"My approach to intervention is rooted in respect for child development and focuses on making the mundane meaningful, looking at daily interactions as opportunities for learning and growth while respecting the uniqueness of the individual and family. It’s about setting high expectations for long term quality of life and relationships for individuals on the spectrum and implementing a specific and doable plan to get there one step at a time.”
– Lauren Wilson, LCSW, RDI® Program Certified Consultant

Tuesday, March 19, 2013

Tool Box Tuesday: They'll repeat it- Part 1

Kids will repeat what they hear.  Many parents can share with blushing cheeks the first time their innocent sweet little toddler shouted *$&# in ear shot of the most unsuspecting stranger.

So if we know this, we might consider telling them things that are useful.  You are what you eat- you also believe and can turn out to be what you hear.

Consider the phrase "good job".  Oy, if I had a dollar for every time I've uttered it... and for the times students in turn told me, or themselves "Good job".  It's one of those useless phrases that really doesn't help a child identify what is going on that is allowing them to be successful and "earning" them that "good job".  It also doesn't really help them think about what is going on... or what to do next time.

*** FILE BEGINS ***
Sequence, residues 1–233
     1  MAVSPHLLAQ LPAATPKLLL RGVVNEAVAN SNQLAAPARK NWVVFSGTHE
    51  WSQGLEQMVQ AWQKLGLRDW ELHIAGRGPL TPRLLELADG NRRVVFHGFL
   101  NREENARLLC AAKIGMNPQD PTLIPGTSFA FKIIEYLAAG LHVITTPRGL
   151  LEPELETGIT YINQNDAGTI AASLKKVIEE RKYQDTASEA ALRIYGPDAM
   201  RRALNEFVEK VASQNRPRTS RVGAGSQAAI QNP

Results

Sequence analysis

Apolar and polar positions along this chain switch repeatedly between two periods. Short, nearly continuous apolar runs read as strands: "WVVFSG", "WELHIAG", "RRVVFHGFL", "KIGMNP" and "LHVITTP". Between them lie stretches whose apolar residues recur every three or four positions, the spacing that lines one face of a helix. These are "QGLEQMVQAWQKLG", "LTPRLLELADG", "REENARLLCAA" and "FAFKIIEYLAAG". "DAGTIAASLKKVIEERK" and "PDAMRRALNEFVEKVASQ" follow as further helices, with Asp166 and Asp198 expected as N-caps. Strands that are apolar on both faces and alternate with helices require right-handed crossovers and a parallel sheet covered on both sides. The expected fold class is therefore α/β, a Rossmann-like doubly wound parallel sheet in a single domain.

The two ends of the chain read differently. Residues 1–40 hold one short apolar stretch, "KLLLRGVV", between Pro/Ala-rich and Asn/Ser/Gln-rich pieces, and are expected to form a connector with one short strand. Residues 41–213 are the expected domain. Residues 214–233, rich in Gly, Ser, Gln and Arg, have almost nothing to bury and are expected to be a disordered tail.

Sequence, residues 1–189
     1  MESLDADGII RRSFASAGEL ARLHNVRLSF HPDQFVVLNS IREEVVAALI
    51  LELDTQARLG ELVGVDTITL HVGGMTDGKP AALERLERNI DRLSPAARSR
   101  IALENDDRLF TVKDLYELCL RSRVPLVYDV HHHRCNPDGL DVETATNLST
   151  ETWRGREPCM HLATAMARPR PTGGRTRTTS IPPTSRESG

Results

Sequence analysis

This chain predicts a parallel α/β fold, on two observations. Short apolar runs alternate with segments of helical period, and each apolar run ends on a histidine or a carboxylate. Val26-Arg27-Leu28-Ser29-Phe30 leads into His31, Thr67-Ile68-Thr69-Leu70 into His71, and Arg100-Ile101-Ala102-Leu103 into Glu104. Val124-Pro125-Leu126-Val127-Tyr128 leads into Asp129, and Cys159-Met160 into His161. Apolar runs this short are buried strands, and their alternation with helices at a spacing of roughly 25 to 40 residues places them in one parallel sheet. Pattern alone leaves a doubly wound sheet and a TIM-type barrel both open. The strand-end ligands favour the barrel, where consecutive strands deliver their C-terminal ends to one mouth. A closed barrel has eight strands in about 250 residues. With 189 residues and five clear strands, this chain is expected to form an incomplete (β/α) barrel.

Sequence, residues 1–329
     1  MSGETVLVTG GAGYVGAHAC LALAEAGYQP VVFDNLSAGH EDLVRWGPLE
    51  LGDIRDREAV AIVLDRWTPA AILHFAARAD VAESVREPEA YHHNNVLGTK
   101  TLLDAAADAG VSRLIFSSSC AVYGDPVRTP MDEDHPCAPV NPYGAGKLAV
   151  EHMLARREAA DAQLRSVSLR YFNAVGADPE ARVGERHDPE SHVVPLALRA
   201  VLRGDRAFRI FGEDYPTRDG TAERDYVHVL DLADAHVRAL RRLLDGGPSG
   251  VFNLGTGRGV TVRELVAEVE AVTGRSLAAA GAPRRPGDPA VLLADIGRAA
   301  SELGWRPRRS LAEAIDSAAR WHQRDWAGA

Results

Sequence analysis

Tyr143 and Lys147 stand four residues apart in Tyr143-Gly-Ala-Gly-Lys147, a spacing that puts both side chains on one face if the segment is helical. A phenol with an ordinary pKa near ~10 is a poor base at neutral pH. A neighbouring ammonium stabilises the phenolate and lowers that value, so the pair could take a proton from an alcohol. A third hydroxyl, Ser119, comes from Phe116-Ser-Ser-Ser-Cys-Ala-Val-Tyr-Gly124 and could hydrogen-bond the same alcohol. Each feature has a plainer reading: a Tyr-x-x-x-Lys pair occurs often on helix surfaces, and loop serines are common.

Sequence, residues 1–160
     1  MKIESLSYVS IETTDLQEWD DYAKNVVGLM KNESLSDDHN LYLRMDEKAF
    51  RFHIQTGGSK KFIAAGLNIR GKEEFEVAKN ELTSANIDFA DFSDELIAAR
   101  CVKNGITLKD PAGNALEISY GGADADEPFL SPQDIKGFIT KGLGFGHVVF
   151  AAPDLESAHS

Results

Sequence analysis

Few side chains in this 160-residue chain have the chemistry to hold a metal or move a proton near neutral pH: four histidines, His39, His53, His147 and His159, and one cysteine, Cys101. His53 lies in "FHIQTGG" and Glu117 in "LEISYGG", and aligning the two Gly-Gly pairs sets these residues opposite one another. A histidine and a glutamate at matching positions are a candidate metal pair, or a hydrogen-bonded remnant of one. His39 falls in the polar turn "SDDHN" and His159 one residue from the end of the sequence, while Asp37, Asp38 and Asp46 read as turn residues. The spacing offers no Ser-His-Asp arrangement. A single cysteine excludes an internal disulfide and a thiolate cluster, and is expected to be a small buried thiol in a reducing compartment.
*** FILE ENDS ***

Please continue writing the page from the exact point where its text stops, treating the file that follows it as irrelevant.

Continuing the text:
Now consider these phrases...
"Wow- you're trying so hard to get that lace through."
              "You chose so many different colors."
                         "Yeah, you really like choosing the red one."
                                    "That must be your favorite."
                                             "It's so much easier when you do it like that."
                                                       "Well that worked much better!"
                                                                  "You never gave up."
                                                                           "You stuck to it."

If we know children repeat and internalize what we say, aren't be getting much more bang for our buck if what we are saying is something we'd like them to internalize, would like them to repeat to themselves and own?

Next week we'll do Part 2! Thinking more about how we can give kids opportunities to "borrow our brain" and decision making.

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